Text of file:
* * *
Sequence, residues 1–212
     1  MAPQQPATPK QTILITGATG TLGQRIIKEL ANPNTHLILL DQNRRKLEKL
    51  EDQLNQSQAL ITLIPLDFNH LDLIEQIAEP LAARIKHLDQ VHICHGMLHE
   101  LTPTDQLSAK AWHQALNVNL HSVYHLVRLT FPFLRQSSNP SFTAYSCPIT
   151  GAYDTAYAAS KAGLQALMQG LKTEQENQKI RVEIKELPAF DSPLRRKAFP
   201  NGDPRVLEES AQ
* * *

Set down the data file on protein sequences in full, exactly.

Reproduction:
Sequence, residues 1–212
     1  MAPQQPATPK QTILITGATG TLGQRIIKEL ANPNTHLILL DQNRRKLEKL
    51  EDQLNQSQAL ITLIPLDFNH LDLIEQIAEP LAARIKHLDQ VHICHGMLHE
   101  LTPTDQLSAK AWHQALNVNL HSVYHLVRLT FPFLRQSSNP SFTAYSCPIT
   151  GAYDTAYAAS KAGLQALMQG LKTEQENQKI RVEIKELPAF DSPLRRKAFP
   201  NGDPRVLEES AQ